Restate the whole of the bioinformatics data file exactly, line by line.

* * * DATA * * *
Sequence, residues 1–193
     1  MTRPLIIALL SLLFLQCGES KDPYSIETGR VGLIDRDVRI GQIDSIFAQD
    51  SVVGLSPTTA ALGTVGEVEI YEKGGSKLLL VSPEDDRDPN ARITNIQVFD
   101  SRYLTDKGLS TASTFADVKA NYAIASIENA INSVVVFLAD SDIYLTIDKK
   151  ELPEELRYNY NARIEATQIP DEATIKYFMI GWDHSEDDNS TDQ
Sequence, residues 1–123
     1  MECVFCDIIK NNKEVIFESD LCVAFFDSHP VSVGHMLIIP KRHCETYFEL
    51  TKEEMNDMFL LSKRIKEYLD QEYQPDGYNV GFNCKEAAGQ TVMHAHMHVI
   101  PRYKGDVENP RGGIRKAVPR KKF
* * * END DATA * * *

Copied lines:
Sequence, residues 1–193
     1  MTRPLIIALL SLLFLQCGES KDPYSIETGR VGLIDRDVRI GQIDSIFAQD
    51  SVVGLSPTTA ALGTVGEVEI YEKGGSKLLL VSPEDDRDPN ARITNIQVFD
   101  SRYLTDKGLS TASTFADVKA NYAIASIENA INSVVVFLAD SDIYLTIDKK
   151  ELPEELRYNY NARIEATQIP DEATIKYFMI GWDHSEDDNS TDQ
Sequence, residues 1–123
     1  MECVFCDIIK NNKEVIFESD LCVAFFDSHP VSVGHMLIIP KRHCETYFEL
    51  TKEEMNDMFL LSKRIKEYLD QEYQPDGYNV GFNCKEAAGQ TVMHAHMHVI
   101  PRYKGDVENP RGGIRKAVPR KKF